Performance and immune responses to dietary beta-glucan in broiler chicks

C M Cox, L H Stuard, S Kim, A P McElroy, M R Bedford, R A Dalloul

Research output: Contribution to journalArticlepeer-review


During the first week posthatch, the avian immune system is immature and inefficient at protecting chicks from invading pathogens. Among immunomodulators, beta-glucans are known as biological response modifiers due to their ability to activate the immune system. Current research suggests that beta-glucans may enhance avian immunity; however, very little is known about their influence on regulation of immune function. A study was performed to evaluate the effects of dietary beta-glucan on growth performance, immune organ weights, peripheral blood cell profiles, and immune-related gene expression in the intestine. One-day-old chicks were fed a diet containing 0, 0.02, or 0.1% yeast beta-glucan (n = 30/treatment). On d 7 and 14 posthatch, body and relative immune organ weights were measured and small intestinal sections were collected to evaluate gene expression by quantitative real-time PCR. Peripheral blood samples were also collected to determine heterophil:lymphocyte ratios. Supplementation of beta-glucan did not significantly affect BW gains, and no significant differences were observed among groups for relative immune organ weights or heterophil:lymphocyte ratios. Compared with controls, expression of interleukin (IL)-8 was downregulated in the beta-glucan-treated groups on d 7 and 14. On d 14, beta-glucan inclusion resulted in increased inducible nitric oxide synthase expression. Expression of IL-18 was upregulated on d 7 but reduced on d 14 due to beta-glucan supplementation. On d 7, interferon-gamma and IL-4 expression decreased in the beta-glucan-treated groups. However, on d 14, IL-4 expression was upregulated in the supplemented groups. Intestinal expression of IL-13 was also downregulated in the beta-glucan-treated birds on d 7. These results suggest that dietary inclusion of beta-glucans altered the cytokine-chemokine balance; however, it did not elicit a robust immune response in the absence of a challenge, resulting in no deleterious effects on performance.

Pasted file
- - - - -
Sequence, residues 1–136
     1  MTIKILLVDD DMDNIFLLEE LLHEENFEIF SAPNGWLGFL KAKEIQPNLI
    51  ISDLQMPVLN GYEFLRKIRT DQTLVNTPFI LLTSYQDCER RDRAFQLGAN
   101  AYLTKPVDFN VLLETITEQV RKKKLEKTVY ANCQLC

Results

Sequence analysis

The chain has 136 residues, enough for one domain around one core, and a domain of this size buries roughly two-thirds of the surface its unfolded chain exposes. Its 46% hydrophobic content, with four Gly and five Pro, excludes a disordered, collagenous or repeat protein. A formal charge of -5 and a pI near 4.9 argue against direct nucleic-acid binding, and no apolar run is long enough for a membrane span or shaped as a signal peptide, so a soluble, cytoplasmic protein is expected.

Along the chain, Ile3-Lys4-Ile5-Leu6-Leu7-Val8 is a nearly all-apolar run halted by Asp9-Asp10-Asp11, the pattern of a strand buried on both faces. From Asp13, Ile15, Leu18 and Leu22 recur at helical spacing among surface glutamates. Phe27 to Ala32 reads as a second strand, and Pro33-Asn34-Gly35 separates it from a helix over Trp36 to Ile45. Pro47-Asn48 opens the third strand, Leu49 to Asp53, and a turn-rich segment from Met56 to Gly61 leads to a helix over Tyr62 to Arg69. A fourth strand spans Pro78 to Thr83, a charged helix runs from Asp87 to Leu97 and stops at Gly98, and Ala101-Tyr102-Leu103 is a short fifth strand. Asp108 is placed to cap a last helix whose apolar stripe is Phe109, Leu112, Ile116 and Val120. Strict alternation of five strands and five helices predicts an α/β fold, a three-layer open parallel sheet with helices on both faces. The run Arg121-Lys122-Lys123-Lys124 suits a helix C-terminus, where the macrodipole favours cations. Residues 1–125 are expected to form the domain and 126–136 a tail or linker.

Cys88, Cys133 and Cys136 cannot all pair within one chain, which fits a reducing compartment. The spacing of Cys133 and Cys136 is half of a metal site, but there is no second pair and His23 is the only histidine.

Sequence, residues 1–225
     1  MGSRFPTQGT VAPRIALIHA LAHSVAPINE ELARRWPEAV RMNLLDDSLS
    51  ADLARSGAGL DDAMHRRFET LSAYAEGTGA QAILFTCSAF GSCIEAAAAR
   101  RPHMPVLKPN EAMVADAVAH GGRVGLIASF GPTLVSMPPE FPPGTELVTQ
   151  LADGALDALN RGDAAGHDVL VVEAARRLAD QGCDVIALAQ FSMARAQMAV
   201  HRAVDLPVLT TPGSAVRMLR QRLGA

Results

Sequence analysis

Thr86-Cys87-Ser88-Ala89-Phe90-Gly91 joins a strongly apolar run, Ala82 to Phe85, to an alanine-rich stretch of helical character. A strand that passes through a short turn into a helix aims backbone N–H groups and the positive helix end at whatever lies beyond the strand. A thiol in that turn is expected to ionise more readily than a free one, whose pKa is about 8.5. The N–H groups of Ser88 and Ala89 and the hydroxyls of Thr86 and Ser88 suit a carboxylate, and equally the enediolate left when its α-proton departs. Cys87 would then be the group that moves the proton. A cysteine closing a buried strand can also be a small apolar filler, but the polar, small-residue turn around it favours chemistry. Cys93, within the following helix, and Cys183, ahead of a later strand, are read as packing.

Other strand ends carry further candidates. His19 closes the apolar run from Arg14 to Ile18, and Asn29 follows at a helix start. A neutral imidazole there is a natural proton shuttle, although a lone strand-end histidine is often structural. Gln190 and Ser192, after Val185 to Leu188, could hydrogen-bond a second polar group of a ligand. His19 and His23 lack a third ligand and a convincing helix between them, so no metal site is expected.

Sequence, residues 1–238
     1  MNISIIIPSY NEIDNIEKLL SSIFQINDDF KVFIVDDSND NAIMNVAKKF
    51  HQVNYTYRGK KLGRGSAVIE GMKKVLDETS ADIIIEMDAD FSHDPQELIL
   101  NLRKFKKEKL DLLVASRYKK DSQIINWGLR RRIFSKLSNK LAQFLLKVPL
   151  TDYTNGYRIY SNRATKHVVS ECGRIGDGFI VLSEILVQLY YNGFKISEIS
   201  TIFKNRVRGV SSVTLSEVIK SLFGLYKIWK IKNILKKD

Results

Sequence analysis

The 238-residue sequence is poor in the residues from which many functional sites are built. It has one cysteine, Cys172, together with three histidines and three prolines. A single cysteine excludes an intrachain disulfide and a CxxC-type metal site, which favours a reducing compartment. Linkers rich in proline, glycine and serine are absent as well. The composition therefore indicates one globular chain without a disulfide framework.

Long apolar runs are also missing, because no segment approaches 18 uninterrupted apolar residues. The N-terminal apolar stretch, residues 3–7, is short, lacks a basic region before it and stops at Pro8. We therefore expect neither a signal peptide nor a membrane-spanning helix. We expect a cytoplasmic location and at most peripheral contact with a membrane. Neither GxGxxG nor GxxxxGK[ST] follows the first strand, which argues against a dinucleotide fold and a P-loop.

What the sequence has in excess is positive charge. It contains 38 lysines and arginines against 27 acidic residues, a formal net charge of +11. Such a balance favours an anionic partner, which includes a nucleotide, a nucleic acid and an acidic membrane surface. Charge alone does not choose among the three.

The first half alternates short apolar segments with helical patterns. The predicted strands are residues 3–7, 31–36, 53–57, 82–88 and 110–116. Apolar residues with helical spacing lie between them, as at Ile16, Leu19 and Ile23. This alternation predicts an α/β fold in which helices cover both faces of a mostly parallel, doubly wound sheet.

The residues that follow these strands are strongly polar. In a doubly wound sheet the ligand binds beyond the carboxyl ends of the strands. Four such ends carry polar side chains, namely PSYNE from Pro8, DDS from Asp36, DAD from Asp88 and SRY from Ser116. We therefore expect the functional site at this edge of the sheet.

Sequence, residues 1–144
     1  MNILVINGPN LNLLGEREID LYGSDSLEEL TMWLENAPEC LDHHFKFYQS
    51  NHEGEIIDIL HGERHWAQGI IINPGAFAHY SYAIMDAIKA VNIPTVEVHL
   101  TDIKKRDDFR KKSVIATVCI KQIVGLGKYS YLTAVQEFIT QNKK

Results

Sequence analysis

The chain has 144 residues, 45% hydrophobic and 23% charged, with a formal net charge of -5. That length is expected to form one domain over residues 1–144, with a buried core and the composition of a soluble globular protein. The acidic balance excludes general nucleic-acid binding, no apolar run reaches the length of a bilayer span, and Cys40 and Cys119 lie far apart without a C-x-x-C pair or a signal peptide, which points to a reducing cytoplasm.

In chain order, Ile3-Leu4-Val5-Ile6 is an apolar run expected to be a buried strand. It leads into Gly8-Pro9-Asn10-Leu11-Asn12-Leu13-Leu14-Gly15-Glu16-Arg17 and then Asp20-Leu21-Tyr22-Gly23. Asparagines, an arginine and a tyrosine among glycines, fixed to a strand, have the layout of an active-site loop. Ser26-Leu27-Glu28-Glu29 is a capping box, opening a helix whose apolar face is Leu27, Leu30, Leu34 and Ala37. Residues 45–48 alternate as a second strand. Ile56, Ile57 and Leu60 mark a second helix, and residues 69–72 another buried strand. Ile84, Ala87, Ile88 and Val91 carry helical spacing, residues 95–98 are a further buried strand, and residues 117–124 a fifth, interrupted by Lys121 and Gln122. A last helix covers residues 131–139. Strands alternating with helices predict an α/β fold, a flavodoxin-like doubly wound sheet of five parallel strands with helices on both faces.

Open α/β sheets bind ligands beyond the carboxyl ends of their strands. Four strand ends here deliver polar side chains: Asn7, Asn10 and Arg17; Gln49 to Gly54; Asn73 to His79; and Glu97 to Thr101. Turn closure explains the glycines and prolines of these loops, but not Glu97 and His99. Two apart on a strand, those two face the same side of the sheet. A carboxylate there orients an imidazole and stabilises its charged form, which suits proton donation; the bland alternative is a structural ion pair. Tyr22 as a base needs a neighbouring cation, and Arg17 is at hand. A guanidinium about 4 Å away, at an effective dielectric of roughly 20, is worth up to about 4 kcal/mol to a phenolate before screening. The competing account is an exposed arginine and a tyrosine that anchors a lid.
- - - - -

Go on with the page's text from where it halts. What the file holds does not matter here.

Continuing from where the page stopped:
Original languageEnglish
Pages (from-to)1924-33
Number of pages10
JournalPoultry Science
Issue number9
Publication statusPublished - Sep 2010


  • Animal Feed
  • Animal Nutritional Physiological Phenomena
  • Animals
  • Blood Cell Count
  • Chickens
  • Diet
  • Gene Expression Regulation
  • Interleukin-8
  • Intestines
  • Weight Gain
  • beta-Glucans


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